The fossil fuel based energy system has shaped capitalism and our geopolitical order. On the 50th year of TNI's existence, the State of Power report unveils the corporate and financial actors that underpin this order, the dangers of an unjust energy transition, lessons for movements of resistance, and the possibilities for transformative change. How can we build a Just energy transition in the age of corporate and imperial power? In today’s episode, a special accompaniment to the 12th Annual State of Power Report on energy, Nick Buxton speaks to three interesting people who have unique perspectives on this question. Timothy Mitchell is a political theorist, historian and professor of Middle Eastern, South Asian and African Studies at Columbia University. In 2012, his book Carbon Democracy: Political Power in the Age of Oil retold the history of energy in the Middle East, showing how oil weakened democracy, fuelled militarism and empire and created a dangerous myth of infinite growth. Thea Riofrancos is an associate professor of political science at Providence College and a member of the Climate and Community Project, a left-wing think tank. She works primarily on the politics of extraction, particularly in Latin America and the US. Her upcoming book is Extraction: The Frontiers of Green Capitalism. Ozzi Warwick is the chief education and research officer of the Oilfield Workers Trade Union of Trinidad and Tobago and the General Secretary of the national Joint Trade Union Movement. He is also a founding member of the Trade Unions for Energy Democracy South (TUED South), a new South-led trade union platform dedicated to a public approach to a just energy transition. Nick Buxton is TNI’s Knowledge Hub Coordinator and founding editor of the State of Power report.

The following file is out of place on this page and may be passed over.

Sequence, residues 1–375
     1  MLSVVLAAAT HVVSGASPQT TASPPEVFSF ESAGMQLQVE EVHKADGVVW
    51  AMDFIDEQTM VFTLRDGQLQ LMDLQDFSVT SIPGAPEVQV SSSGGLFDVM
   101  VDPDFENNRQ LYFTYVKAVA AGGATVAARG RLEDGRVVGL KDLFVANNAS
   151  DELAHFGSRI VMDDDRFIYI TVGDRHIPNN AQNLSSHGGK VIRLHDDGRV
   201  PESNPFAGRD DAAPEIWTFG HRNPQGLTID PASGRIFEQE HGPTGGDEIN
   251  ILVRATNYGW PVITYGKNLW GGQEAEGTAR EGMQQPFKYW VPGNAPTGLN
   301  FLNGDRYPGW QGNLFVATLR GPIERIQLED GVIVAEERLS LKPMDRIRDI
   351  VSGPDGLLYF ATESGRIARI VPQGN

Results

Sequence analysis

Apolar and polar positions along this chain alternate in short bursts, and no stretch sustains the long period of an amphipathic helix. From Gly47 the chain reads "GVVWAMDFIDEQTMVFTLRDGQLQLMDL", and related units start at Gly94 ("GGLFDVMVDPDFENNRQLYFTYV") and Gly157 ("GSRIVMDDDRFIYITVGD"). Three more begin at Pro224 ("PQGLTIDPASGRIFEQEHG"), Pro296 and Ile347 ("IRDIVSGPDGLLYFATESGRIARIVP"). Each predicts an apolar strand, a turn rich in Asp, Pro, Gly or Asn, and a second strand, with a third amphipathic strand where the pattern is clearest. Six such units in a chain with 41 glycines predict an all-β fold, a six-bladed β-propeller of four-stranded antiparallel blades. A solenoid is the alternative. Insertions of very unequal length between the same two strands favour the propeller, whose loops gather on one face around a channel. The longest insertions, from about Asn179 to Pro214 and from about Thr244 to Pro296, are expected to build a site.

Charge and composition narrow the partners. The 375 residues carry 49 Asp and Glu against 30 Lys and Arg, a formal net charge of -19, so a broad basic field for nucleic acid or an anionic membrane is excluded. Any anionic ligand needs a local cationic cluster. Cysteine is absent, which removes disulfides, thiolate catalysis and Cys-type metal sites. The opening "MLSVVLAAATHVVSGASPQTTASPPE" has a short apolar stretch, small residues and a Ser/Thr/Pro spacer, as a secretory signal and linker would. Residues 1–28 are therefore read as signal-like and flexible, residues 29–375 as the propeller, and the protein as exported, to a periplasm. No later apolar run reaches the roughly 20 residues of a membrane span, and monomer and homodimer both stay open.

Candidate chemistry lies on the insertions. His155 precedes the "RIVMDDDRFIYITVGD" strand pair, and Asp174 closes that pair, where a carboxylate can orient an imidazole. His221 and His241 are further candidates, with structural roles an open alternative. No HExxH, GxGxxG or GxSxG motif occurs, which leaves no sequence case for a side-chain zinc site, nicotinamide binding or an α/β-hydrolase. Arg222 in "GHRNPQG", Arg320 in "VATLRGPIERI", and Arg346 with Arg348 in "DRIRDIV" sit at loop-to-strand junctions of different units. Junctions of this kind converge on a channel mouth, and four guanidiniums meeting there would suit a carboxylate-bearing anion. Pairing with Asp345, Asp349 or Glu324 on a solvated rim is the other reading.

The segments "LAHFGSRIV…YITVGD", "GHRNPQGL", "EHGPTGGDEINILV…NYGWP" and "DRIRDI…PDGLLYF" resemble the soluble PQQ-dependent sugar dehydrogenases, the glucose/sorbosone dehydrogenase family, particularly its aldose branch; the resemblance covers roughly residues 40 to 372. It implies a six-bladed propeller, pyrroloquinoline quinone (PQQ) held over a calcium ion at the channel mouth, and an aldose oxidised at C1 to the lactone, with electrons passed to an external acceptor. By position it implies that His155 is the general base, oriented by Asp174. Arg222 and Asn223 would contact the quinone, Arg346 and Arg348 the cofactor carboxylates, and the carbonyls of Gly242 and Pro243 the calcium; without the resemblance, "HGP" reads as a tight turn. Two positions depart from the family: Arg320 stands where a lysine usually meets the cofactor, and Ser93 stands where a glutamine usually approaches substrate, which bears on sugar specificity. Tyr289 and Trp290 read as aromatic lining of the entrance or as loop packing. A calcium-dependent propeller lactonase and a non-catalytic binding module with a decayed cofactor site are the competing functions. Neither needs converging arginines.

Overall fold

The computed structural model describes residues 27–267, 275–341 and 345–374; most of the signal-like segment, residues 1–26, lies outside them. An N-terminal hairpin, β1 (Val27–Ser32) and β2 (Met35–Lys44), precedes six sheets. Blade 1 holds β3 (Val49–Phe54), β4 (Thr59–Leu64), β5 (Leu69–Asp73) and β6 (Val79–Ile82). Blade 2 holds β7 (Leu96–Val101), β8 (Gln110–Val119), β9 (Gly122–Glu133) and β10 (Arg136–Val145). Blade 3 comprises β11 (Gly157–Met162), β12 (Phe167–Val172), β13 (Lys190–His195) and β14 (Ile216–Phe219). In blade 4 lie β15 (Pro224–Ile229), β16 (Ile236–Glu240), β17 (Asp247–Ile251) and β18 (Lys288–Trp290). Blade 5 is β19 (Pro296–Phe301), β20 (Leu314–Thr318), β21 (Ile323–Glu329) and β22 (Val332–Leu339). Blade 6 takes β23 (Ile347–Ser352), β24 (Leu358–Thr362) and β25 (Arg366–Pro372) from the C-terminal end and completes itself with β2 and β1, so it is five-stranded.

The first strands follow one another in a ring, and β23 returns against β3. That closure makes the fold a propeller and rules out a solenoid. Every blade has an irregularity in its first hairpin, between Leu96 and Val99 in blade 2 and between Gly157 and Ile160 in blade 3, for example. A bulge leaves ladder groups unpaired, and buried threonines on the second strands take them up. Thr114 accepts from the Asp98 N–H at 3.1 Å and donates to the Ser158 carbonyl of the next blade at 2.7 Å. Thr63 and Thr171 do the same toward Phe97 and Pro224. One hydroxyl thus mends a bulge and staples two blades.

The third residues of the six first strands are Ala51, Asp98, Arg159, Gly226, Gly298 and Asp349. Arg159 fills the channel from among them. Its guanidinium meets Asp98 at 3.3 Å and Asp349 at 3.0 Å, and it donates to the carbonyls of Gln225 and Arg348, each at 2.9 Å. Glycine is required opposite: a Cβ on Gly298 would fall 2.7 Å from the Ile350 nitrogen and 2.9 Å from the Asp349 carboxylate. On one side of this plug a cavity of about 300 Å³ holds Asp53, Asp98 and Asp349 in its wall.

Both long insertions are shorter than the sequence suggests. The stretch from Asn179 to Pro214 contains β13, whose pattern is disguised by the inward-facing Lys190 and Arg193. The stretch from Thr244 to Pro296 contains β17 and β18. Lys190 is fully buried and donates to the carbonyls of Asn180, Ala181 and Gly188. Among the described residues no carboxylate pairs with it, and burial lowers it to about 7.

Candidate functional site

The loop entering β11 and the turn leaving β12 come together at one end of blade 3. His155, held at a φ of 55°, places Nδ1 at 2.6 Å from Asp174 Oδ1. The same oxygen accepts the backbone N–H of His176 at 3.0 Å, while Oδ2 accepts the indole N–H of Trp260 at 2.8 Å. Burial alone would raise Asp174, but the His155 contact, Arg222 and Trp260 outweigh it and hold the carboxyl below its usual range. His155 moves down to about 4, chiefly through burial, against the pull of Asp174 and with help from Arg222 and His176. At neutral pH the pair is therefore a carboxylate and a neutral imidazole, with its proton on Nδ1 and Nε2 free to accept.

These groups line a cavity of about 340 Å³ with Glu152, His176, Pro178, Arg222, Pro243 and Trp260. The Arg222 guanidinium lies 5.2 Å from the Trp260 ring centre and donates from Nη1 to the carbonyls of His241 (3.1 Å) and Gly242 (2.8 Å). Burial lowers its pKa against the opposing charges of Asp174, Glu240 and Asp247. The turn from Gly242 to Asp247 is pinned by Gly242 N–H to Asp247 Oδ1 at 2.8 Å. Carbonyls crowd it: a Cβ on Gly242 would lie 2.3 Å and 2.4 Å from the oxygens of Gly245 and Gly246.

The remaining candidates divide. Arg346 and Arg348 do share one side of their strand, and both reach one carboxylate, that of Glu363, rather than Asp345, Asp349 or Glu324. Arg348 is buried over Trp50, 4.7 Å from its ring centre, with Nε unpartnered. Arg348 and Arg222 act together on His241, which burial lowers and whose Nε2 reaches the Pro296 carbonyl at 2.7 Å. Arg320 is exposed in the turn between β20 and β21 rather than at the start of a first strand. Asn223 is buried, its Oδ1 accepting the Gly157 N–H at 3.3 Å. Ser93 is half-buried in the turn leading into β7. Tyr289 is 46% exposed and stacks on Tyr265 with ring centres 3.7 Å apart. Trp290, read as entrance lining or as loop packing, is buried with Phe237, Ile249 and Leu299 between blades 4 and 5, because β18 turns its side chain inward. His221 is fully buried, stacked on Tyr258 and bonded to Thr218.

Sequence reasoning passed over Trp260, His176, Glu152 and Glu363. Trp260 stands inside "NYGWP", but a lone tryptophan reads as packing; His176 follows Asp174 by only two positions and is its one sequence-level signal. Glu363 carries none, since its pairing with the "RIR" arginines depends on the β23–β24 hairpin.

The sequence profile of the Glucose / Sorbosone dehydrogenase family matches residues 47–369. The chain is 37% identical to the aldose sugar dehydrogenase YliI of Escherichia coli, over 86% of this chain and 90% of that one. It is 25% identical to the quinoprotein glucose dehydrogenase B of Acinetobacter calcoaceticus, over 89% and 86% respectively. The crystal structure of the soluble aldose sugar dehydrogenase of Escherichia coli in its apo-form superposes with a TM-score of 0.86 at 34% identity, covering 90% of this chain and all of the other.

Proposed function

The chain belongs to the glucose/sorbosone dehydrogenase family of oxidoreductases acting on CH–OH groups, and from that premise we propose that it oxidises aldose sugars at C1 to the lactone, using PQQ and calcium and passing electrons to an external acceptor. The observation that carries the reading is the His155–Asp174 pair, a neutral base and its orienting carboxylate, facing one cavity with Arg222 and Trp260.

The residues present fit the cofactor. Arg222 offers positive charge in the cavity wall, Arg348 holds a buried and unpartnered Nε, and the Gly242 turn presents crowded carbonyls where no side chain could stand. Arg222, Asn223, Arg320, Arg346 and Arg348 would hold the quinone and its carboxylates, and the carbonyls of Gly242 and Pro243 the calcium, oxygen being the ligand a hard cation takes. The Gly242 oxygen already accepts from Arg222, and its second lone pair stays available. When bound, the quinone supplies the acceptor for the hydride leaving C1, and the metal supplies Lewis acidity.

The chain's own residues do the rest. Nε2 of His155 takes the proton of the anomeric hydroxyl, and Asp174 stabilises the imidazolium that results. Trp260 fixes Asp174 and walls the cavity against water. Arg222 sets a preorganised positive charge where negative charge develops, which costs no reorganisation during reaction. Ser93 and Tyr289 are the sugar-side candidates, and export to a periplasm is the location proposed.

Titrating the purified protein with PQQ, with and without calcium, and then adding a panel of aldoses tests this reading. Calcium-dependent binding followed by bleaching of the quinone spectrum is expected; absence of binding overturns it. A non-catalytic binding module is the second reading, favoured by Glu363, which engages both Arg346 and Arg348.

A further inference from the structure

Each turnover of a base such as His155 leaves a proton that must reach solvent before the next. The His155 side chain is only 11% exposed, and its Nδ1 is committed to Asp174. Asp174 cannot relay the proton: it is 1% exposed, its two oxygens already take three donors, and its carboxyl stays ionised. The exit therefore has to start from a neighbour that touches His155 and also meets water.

Duration:01:20:15